There have been two university studies in Australia that call for the end of the use of the word “cyclist”; that this is a negative term that term dehumanizes people; that 33 % of respondents viewed cyclists as less than human.

    They suggest “people who ride bikes”. This is a bit unwieldy. I’d suggest “wheel people”. This would include others who are vulnerable: babies in strollers, wheelchairs.

    Terms are important. Commuterats works. Just like lab rats that scurry through mazes for rewards, so do motorats. Rat running already has currency. It’s not a big linguistic leap.

  3. Given that the overwhelming majority of accidents involving injury occur on arterials, this speed limit reduction might make its proponents feel good, but it’ll do little to nothing to change the rate of injuries or fatalities.

    1. Not so. Just because it’s not a panacea for any and all crashes – or even a straight majority of them – should it be discounted. This will save a lot of lives and reduce severe injuries. Fewer killed and crippled is a good thing.

      1. What data are you basing that on? I can’t think of the last time I’ve seen a major accident in the enws that wasn’t on a freeway or arterial. Is there hidden carnage going on in the leafy streets of Point Grey?

        This handily ignores that removing the viaduct and Granville loops will put more pedestrians at risk than any worthwhile Canadian initiative targetted at neighbourhood streets.

        1. Bob

          Removing the viaducts allows for the creation of more complete streets, with wide sidewalks, protected bike lanes, and dedicated transit stops, not just on Pacific but on the full road network below the current viaducts. Great news for active transportation users.

          Removing the Granville loops eliminates the death trap that is Pacific westbound between Seymour and Howe. The new local street grid north of Pacific will be calmed, and will connect to the car light stretch under the bridge, leading towards False Creek. More great news.

          What do you base your claim of increased risk on?

          1. The proposed demolition of the viaducts is not required in order for the creation of more complete streets, with wide sidewalks, protected bike lanes, and dedicated transit stops on the road network below the viaducts. Those improvements can be made right now .

          2. I think you mean approved demolition, not proposed demolition.

            There are concrete piers across the ground where those complete streets will be built. And in the case of the Georgia Ramp, there is a viaduct leading to Main St. I suppose we could have a complete staircase there, just not a complete street.

            Don’t forget that without taking the viaducts down and opening up more land, there is not a funding source to pay for all these improvements.

          3. Death trap for who? Every street, including the loop has a stop sign and crosswalk. The death trap will be the three right turns drivers will be forced to make, and the resultant increased pedestrian-vehicle interactions, once the loop is removed to access Pacific. I can’t even think of how much worse the eventual viaduct solution will be. But of course, this is all about creating more lots for the developers who fund our civic politicians and that’s what matters, whatever you might believe about “complete streets”.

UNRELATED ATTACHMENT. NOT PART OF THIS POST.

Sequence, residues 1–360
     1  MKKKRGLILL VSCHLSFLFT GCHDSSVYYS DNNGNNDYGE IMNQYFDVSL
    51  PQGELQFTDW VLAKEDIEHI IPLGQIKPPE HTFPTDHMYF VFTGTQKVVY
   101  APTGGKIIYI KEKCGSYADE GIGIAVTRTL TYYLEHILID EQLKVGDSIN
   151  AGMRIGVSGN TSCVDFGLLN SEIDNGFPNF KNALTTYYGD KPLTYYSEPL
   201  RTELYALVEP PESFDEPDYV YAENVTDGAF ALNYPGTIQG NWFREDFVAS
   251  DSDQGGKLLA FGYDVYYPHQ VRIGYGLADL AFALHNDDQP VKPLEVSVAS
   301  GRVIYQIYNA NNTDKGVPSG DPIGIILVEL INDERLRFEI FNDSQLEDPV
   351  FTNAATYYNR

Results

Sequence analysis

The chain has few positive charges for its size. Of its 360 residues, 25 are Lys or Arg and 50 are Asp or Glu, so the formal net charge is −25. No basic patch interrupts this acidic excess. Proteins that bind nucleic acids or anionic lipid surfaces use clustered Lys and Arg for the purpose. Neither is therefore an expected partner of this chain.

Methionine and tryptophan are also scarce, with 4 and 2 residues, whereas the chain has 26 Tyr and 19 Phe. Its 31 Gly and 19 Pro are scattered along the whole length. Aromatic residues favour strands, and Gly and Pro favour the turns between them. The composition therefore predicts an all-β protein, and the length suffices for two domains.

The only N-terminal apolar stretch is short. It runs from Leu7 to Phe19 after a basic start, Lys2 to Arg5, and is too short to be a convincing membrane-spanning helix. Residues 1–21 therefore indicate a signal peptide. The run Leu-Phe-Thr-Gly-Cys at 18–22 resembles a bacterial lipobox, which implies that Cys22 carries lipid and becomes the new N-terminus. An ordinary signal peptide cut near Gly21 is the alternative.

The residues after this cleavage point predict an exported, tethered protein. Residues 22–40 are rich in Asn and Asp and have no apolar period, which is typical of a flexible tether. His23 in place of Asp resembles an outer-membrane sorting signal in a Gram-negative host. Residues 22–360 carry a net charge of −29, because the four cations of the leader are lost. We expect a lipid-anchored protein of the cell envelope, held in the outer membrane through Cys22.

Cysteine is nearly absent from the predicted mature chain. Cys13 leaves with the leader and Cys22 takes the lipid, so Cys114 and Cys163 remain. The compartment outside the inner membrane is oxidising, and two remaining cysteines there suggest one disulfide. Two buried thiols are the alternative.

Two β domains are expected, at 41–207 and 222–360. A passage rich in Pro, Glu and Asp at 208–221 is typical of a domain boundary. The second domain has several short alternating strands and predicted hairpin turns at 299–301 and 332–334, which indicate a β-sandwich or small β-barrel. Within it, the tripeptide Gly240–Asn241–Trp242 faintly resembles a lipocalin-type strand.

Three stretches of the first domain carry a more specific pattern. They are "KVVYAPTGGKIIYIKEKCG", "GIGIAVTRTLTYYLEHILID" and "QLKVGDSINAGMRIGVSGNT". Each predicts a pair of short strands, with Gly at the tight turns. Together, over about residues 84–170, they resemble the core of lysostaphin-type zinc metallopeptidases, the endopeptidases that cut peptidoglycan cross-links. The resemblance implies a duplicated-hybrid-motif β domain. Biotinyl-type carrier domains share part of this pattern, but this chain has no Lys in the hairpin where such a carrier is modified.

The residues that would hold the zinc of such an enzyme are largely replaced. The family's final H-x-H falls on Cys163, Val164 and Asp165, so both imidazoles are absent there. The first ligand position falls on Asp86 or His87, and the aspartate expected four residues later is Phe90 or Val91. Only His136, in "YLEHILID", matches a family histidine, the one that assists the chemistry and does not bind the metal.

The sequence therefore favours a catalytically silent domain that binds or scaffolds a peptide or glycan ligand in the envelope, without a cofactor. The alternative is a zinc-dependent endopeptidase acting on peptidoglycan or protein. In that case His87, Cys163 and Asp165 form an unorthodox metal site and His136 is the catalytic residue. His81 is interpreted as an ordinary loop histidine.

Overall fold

4. Bob:

            Try cycling westbound on Pacific from Seymour to Howe. No crosswalks or bike crossings. There are crosswalks for people walking, but a stop sign in only one direction, not for accessing the loops. And the stop sign is routinely ignored. Slip lanes are highway infrastructure, not appropriate for urban settings. That is why they were removed from Burrard. Too many crashes.

          5. There is no approved demolition, no demolition contract, no agreement between the public and private sectors, and no way to reach a deal given the enormous financial, environmental and political risks facing the city should they proceed against their own public policy limiting carbon emissions.

            It’s the Big Mess not the Big Move.

        2. ICBC data that I see almost every day. Pity the poor sap who relies on the Vancouver Sun for “data”. Those are a small sample of only the most horrific crashes, not the daily carnage that ruins lives every single day all over town.

        3. Jolson wrote “There is no approved demolition (for the viaducts)”

          On Oct 29, 2015, Council carried a motion, reading in part as follows:

          A. THAT Council approve the removal of the Georgia and Dunsmuir Viaducts, and approve the Northeast False Creek Conceptual Plan (generally as presented in Appendix A of the Policy Report dated October 6, 2015, entitled “Removal of the Georgia and Dunsmuir Viaducts”), to guide area planning without the viaducts for the remaining areas of the False Creek North Official Development Plan and two City blocks east of Quebec Street.

          Everything after (A) was about related planning work for the rezoning, putting legal agreements in place with property owners, and so on.

          Hard to imagine they could be removed without demolishing them. Looks approved to me.

    2. Perhaps it will start a long overdue trend toward initiating safer transportation options before someone gets killed, as seems to be our usual approach.

  4. The time has come indeed! And now, let’s hope that the City will find the means and will to enforce it.

  5. There’s a fascinating quote in the 2018 book: LAB RATS
    Julia has a masters in engineering; wrote software for two decades; did NLP training, and studied hypnosis.
    The interviewer asked if she could hypnotize him right there at the coffee shop table.
    “Of course,” she says. “People go into trance states all the time. Every time you drive a car, you’re in a trance state.”